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One’s Pattern 1 times any number is the same number 1 x 3 = 3 1 x 7 = 7 1 x 4 = 4 1 x 1 = 1 1 x 2 = 2 1 x 9 = 9

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Two’s Pattern 2 times any number is that number doubled 2 x 3 = 6 2 x 7 = 14 2 x 4 = 8 2 x 1 = 2 2 x 2 = 4 2 x 9 = 18

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Five’s Pattern - Step 1 Cut the number you are multiplying in half 5 x 3 = 1.5 5 x 7 = 3.5 5 x 8 = 4 5 x 1 =.5 5 x 2 = 1 5 x 6 = 3

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Five’s Pattern - Step 2 If you are multiplying an odd number, drop the decimal point 5 x 3 = 5 x 7 = 5 x 5 = 5 x 1 = 5 x 9 = 1.5 3.5 2.5. 5 4.5

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Five’s Pattern - Step 3 If you are multiplying an even number, just add a zero 5 x 2 = 5 x 6 = 5 x 4 = 5 x 8 = 5 x 10 = 1 0 3 0 2 0 0 50 4

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Nine’s Pattern - Step 1 Subtract 1 from number you are multiplying 9 x 3 = 2 9 x 7 = 6 9 x 8 = 7 9 x 1 = 0 9 x 2 = 1 9 x 6 = 5

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Nine’s Pattern - Step 2 Add a 2nd number that totals nine with the 1st number 9 x 3 = 2 9 x 7 = 6 9 x 8 = 7 9 x 1 = 0 9 x 2 = 1 9 x 6 = 5 7 3 2 9 8 4 + + + + + + = = = = = = 9 9 9 9 9 9

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Six’s Pattern (even #’s only) Step #1 Cut the number you are multiplying in half. 6 x 2 = 1 6 x 4 = 2 6 x 6 = 3 6 x 8 = 4

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Six’s Pattern (even #’s only) Step #2 The number you are multiplying by 6 is the 2nd #. 6 x 2 = 1 6 x 4 = 2 6 x 6 = 3 6 x 8 = 4 2 4 6 8

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Strategies To Support Fact Learning L Stick Drawing! Count the dots! 4 x 3 = 12

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Strategies To Support Fact Learning Multiplication L Zero Rule- any number multiplied by zero is zero 5 x 0 = 0 L One Rule- the product is the other number 6 x 1 = 6 L Two Rule - add the number to itself 8 x 2 = 8 + 8 = 16 L Three Rule- double the number, then add the number again 7 x 3 = 14 + 7 = 21

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Strategies To Support Fact Learning Multiplication L Four Rule- double the number twice. 6 x 4 = 12 + 12 = 24 Silly Saying (You’ve got to be 16 to drive a 4 x 4) L Five Rule- count by fives. Products will end with 0 or 5.3 x 5 = 15 4 x 5 = 20 5 x 5 = 25 L Six Rule - think five groups of the number plus one more group.6 x 7 = 5 x 7 + 7 = 42

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Strategies To Support Fact Learning L Seven Rule- memorize two facts: 7 x 7 = 49 and 7 x 8 = 56 Brain hook…..56 is 7 x 8…Think 5..6..7..8 L Eight Rule- Memorize one fact: 8 x 8 = 64 Silly Saying (I ate and I ate until I got sick on the floor!) 8 8 6 4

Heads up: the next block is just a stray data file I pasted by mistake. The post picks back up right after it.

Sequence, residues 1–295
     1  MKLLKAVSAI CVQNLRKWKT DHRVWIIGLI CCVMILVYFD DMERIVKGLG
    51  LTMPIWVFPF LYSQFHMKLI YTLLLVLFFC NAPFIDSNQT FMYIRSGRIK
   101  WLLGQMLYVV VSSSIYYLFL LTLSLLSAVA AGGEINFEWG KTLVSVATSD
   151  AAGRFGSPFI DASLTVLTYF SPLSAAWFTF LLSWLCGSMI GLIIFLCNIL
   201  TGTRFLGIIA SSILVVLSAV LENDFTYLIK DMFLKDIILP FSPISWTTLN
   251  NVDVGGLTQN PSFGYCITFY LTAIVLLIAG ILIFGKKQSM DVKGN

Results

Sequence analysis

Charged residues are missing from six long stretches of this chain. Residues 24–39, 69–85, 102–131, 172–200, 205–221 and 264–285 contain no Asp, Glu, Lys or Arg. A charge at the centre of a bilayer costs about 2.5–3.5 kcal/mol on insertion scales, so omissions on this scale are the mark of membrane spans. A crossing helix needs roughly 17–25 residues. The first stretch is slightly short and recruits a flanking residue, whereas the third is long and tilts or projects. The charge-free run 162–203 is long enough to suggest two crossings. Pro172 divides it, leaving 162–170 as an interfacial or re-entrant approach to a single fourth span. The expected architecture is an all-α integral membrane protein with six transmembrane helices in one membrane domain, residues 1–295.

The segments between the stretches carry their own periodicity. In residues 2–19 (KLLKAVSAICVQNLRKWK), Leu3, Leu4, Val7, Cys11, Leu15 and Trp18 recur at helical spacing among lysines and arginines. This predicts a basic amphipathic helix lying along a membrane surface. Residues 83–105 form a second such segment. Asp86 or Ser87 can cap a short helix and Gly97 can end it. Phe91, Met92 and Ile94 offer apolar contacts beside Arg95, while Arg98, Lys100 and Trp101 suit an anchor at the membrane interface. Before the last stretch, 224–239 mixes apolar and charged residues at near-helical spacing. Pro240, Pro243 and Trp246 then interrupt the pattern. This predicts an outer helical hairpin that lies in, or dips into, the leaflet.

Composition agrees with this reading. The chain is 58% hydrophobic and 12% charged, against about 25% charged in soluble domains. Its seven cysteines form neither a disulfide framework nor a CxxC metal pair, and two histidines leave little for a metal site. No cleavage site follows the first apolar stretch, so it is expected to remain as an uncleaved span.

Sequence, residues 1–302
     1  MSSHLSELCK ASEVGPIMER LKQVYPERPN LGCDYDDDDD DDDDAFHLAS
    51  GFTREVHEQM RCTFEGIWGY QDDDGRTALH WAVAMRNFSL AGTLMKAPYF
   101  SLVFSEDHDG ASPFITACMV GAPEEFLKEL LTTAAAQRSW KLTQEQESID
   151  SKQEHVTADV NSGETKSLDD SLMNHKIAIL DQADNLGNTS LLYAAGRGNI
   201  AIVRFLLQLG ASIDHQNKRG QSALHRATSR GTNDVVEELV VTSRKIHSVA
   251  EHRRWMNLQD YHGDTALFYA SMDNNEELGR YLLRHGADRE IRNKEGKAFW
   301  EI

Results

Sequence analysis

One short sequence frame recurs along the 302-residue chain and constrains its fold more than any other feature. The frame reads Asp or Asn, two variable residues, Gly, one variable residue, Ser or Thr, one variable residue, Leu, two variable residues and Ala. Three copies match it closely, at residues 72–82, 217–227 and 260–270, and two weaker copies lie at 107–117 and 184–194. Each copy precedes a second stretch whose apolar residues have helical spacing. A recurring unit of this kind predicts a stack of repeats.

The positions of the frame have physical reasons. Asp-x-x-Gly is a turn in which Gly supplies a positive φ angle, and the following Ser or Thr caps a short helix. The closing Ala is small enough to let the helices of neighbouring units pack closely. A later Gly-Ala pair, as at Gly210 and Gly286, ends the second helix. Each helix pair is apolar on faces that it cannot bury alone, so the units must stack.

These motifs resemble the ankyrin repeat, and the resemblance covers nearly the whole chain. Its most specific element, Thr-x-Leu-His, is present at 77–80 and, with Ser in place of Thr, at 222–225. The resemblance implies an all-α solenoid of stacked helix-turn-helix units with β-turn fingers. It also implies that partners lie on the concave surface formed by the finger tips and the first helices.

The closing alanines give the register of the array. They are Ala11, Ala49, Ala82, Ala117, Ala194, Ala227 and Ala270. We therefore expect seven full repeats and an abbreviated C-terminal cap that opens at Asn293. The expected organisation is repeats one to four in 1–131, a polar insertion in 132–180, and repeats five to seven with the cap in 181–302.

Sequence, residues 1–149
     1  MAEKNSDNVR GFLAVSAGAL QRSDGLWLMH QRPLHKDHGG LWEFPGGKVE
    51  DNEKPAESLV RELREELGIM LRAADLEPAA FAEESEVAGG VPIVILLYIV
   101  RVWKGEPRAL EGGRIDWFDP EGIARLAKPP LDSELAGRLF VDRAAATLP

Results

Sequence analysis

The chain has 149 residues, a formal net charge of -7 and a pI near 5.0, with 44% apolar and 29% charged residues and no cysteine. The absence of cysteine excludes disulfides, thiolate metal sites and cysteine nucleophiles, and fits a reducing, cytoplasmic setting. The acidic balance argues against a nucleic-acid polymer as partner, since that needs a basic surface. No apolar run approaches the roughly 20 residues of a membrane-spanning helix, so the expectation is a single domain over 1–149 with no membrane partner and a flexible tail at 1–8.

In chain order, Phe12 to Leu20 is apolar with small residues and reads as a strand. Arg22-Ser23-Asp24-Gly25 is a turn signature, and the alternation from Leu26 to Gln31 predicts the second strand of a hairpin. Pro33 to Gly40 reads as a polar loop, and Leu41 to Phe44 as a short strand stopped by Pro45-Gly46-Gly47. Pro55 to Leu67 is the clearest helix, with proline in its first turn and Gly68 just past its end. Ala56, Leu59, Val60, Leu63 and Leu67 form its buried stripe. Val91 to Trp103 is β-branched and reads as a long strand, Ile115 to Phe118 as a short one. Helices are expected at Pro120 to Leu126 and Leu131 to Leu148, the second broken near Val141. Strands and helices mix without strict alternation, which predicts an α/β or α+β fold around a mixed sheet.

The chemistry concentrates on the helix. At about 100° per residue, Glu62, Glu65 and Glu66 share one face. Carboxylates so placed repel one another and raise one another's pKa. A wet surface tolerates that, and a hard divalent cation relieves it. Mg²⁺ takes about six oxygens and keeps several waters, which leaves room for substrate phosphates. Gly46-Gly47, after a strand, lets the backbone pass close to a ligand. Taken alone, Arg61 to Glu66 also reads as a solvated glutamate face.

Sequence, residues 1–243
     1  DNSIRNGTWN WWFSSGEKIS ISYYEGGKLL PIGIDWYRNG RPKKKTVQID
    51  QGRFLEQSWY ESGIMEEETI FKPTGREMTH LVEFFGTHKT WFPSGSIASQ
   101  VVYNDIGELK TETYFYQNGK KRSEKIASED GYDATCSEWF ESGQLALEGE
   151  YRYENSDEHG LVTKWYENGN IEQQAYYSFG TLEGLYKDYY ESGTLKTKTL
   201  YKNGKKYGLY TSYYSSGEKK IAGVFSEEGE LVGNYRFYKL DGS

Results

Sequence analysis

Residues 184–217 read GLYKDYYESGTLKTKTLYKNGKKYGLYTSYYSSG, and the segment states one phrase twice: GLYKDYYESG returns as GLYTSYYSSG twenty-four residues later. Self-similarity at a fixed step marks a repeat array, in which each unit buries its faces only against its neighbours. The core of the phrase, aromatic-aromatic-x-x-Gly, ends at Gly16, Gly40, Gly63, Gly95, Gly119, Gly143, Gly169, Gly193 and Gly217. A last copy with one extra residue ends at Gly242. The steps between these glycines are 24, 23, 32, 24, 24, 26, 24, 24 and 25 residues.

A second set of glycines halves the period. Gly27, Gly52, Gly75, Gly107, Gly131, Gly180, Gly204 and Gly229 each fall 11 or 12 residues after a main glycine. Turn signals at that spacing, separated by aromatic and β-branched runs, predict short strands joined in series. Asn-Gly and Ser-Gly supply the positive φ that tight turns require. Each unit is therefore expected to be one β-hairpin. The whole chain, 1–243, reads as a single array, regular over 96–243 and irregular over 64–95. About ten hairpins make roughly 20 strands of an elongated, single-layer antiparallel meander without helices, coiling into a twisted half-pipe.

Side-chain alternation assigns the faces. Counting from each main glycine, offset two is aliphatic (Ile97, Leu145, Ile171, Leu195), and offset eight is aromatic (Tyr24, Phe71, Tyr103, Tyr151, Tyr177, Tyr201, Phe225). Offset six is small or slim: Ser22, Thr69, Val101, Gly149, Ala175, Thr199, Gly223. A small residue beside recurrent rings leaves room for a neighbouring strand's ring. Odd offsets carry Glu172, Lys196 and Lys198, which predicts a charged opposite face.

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Strategies To Support Fact Learning Multiplication L Nine Rule- subtract 1 from the number you are multiplying with nine. Then think….What should I add to that number to equal 9? 7 x 9 …One less than 7 is 6. 6 + ? = 9 6 + 3 = 9 so the product is 63 L Ten Rule- put a zero on the number you are multiplying by. 9 x 10 = 90

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Strategies To Support Fact Learning L Make Connections Between Multiplication and Division What facts do you see? 3 x 5 = 15 15 3 = 5

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Phase 3 – Working Towards Quick Recall Students must know all the facts or strategies to find all the facts before emphasis on speed is placed Quick recall of math facts is usually defined as the ability to solve a basic number computation in a few seconds or less (without resorting to inefficient methods like counting).. Phase III is simply about increasing a student’s quick recall. Spending more time in Phase III will not lead to quick recall of unknown facts. Successfully addressing Phases I and II will significantly decrease the need for prolonged work in Phase III. This involves: increasing the speed in which the student selects and applies a strategy for solving the problem and using highly organized and planned practice for the purpose of devoting facts to memory. Phase III may include practice (and/or drill) with specific groups of facts through fact cards, games, paper/pencil practice, and the use of technology. Once students acquire the ability to quickly recall the facts, Phase III focuses on maintenance of the facts.